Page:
Peter Conway & Colin Baker/LONDON

The UK Government has dropped some key demands in its negotiations with the US for an open skies "mini deal".

The UK is now concentrating on getting agreement on antitrust immunity for an alliance between British Airways and American Airlines.

The UK's Department of the Environment, Transport and the Regions (DETR) says that previous demands for the USA to change its rules on cabotage, foreign ownership of US airlines, wet leasing and the "fly America" programme for US public servants were now seen as "long term" goals as they would require changes in US legislation which could take a number of years.

Virgin Atlantic boss Richard Branson expressed his disappointment at what he saw as a caving in from the UK side following a visit by UK transport secretary John Prescott to Washington in May.

Officials from the two sides met in London in June for what were described as "talks about talks" and more discussions are due in July. No immediate agreement is imminent, however.

Meanwhile, cargo representatives from both sides were making intensive efforts to get their views across, but those views seem as far apart as ever.

Fred Smith, chairman of FedEx, visited London on 24 May to give testimony to the UK's parliamentary committee on transport, a move that aides say shows the importance he attaches to getting cargo included in the deal.

"Let us say that having made that effort, he would find it difficult to imagine UK-US open skies progressing without cargo being part of the solution," says one FedEx source.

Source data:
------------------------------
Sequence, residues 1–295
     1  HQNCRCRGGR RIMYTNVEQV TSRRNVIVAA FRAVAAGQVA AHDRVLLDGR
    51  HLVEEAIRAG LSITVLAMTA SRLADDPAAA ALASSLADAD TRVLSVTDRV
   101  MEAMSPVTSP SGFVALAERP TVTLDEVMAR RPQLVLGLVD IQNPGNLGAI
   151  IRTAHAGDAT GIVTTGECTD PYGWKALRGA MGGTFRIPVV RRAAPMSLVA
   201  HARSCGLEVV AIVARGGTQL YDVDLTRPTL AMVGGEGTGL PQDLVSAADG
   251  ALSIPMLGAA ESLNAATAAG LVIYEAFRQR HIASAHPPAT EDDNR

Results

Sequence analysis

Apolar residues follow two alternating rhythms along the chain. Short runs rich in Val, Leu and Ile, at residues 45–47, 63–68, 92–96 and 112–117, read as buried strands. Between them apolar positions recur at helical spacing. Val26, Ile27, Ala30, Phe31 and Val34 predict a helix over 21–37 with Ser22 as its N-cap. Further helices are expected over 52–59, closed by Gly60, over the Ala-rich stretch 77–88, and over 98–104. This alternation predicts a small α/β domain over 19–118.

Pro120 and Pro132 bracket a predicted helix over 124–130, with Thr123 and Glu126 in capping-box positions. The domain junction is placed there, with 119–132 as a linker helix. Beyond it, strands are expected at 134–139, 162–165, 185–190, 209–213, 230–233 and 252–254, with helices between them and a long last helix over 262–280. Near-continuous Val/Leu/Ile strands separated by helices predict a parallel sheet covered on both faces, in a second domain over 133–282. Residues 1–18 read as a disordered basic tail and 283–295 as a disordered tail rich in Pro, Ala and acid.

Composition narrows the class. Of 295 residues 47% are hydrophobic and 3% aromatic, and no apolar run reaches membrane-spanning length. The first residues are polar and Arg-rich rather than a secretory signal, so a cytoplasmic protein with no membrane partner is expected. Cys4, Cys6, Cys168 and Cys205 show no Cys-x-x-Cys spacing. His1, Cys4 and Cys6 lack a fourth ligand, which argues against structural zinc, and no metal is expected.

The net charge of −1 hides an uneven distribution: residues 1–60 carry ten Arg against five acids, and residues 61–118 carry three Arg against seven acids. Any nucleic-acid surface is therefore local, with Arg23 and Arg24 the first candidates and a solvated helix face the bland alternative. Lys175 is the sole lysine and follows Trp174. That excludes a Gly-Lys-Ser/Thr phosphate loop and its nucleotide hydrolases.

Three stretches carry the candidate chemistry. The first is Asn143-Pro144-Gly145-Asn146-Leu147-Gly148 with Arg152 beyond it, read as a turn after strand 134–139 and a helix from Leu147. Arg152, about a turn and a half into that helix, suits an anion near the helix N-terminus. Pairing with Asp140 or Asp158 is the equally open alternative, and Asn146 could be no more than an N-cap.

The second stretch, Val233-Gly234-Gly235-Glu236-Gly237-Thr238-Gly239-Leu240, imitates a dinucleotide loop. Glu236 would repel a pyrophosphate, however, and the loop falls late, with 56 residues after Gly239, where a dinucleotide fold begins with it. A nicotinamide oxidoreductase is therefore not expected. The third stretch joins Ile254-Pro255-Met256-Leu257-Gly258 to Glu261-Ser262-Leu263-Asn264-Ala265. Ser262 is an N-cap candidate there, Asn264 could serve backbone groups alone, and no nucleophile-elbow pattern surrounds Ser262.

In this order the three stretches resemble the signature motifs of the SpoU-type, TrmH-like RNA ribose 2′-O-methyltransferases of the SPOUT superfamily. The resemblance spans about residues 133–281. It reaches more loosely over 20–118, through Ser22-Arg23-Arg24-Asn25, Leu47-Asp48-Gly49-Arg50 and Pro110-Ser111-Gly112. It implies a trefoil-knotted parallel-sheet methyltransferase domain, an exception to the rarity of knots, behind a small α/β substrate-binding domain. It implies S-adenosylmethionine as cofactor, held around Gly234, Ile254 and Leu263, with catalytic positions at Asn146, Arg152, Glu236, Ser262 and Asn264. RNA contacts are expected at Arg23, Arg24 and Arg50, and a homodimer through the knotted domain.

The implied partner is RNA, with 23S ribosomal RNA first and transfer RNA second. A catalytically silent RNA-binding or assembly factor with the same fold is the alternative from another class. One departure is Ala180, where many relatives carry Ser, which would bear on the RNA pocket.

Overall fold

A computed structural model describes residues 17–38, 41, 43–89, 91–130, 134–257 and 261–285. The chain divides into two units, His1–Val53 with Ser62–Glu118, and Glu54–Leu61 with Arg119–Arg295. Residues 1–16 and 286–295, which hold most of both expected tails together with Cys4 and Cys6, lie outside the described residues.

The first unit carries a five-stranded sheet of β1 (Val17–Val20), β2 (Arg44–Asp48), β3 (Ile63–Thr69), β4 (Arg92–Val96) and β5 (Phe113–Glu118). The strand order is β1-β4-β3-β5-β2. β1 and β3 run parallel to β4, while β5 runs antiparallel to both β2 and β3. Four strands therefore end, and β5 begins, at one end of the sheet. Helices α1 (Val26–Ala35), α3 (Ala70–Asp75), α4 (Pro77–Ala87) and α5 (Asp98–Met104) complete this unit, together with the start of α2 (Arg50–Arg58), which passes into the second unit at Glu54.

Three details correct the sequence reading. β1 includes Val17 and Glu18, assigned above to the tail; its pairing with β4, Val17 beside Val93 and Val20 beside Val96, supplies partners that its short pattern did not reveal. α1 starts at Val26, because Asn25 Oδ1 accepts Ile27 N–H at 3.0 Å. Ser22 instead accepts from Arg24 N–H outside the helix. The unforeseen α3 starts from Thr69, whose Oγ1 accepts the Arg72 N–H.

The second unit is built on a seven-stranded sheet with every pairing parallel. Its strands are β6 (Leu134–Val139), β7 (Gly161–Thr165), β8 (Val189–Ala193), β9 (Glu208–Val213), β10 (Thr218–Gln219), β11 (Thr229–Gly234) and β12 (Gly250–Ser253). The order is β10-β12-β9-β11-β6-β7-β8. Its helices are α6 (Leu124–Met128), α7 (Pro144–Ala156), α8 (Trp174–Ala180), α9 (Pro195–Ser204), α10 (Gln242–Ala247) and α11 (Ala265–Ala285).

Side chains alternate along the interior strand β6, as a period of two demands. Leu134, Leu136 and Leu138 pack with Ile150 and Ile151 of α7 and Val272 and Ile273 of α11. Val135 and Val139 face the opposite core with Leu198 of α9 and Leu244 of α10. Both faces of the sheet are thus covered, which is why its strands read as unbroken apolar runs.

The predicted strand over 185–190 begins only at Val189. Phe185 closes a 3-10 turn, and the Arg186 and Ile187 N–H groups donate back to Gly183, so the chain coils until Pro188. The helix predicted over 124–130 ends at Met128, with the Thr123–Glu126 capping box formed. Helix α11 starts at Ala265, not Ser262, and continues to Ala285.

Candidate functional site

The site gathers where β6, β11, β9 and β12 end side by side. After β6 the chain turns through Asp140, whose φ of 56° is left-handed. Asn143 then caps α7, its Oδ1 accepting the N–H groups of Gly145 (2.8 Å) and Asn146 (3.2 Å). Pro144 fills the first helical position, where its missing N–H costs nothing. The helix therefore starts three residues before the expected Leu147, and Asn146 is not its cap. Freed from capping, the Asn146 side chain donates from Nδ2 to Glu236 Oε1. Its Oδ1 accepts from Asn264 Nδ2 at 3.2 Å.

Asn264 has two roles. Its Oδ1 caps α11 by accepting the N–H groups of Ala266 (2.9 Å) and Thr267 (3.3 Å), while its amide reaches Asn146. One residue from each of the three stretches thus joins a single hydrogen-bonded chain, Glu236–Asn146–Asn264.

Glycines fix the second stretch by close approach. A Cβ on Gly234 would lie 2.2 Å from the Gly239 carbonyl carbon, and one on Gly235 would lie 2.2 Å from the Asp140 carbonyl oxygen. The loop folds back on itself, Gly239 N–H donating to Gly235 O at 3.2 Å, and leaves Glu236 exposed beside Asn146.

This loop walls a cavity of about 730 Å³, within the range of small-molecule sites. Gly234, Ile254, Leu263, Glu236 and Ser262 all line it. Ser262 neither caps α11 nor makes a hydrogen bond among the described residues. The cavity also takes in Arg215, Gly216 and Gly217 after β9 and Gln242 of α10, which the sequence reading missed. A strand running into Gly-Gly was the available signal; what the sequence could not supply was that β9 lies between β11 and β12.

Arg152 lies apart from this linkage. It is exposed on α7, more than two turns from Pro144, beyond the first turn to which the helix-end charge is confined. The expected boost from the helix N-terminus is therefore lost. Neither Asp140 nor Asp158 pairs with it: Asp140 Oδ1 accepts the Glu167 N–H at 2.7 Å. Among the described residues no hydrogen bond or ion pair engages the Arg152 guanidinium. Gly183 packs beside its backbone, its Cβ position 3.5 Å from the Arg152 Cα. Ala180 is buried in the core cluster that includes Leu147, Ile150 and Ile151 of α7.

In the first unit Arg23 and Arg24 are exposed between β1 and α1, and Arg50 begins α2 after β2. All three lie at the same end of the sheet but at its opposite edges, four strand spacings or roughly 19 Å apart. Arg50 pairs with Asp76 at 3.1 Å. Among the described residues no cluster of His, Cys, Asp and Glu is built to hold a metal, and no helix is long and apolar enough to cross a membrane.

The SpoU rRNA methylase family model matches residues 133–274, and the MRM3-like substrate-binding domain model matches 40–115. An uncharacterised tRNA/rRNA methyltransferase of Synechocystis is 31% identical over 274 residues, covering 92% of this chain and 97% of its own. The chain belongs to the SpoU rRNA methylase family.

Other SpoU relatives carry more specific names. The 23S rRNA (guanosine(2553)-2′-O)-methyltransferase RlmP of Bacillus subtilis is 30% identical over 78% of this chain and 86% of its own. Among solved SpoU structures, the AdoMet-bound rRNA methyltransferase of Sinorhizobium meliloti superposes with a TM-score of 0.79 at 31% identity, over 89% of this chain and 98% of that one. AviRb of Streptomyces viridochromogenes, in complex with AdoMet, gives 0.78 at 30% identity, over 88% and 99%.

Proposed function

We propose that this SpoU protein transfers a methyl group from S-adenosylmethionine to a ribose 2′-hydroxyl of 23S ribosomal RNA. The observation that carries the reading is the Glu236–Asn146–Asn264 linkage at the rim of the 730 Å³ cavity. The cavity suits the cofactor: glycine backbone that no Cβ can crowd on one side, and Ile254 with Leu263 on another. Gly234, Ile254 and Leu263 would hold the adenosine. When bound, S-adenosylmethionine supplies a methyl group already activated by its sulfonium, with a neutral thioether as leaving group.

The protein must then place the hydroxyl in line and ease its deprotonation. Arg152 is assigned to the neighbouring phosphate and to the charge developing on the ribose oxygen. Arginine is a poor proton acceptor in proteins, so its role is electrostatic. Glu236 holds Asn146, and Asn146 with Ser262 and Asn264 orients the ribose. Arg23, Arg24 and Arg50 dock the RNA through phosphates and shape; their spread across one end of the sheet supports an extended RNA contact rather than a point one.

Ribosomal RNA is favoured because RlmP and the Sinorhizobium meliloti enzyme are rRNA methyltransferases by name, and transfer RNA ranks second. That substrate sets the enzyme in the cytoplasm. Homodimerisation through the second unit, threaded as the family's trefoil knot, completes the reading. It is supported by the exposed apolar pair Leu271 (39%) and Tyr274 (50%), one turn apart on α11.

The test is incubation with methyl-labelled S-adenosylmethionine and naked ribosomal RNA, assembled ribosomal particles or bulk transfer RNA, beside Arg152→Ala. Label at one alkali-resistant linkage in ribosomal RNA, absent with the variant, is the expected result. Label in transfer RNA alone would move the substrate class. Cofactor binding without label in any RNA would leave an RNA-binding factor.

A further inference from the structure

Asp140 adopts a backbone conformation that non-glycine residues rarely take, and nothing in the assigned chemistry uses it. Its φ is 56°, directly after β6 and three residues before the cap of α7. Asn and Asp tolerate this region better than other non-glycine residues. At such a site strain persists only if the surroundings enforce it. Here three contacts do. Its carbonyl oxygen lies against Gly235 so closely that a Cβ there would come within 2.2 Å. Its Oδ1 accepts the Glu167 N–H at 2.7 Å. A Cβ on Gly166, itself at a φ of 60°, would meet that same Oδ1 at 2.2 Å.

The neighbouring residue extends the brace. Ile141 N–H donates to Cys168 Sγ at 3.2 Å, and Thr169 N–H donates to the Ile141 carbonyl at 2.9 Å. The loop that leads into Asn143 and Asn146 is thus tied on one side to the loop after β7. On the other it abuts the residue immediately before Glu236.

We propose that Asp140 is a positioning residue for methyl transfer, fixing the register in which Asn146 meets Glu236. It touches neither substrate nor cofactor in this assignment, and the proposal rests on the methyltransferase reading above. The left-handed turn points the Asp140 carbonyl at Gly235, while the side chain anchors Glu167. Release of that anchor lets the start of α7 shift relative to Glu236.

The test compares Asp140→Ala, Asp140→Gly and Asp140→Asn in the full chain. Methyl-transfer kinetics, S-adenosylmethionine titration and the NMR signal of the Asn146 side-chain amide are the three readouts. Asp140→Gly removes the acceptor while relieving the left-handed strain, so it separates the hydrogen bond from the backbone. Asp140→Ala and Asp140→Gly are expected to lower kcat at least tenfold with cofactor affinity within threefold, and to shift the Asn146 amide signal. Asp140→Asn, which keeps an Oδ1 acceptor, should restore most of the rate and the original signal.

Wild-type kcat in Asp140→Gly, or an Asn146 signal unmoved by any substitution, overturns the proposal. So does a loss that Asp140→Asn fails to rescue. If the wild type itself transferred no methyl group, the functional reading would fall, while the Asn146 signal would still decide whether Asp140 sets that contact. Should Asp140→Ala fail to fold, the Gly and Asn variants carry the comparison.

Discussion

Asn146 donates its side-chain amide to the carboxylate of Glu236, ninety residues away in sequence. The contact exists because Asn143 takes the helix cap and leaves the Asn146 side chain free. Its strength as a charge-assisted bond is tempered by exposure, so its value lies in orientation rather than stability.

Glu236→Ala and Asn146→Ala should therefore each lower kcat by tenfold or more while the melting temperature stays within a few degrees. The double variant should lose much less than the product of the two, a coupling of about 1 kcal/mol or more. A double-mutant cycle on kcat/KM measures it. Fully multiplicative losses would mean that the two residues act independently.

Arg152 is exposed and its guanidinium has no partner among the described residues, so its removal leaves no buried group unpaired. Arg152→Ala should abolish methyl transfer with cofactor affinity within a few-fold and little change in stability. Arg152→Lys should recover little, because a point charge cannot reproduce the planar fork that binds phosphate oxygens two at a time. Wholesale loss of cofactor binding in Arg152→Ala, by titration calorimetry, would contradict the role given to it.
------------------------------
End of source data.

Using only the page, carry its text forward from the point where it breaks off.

That chimed with remarks made by US transportation secretary Rodney Slater in London on 1 June, when he said that he expected a passenger and cargo deal before the end of the year.

However, the British Cargo Airline Alliance is equally convinced that it has persuaded the UK Government to make no concessions to the USA on fifth freedom rights for FedEx and other cargo carriers unless the US grants cabotage rights within the USA and lifts the ban on its carriers wet-leasing foreign aircraft.

Steve Guynan, secretary of the BCAA, says if such concessions are not forthcoming, it would prefer a pure passenger deal. "At least then we would not have given any more concessions to the USA," he says.

US moves on wet-leasing or cabotage seem unlikely as Slater has ruled out discussions on matters requiring a change in US law.

However, Smith did tell the parliamentary committee that the USA had offered seventh freedom rights to UK carriers, something he says FedEx is not demanding in return, along with a redefinition of the charter rules that would allow de facto wet-leasing of UK carriers by US airlines.

Source: Airline Business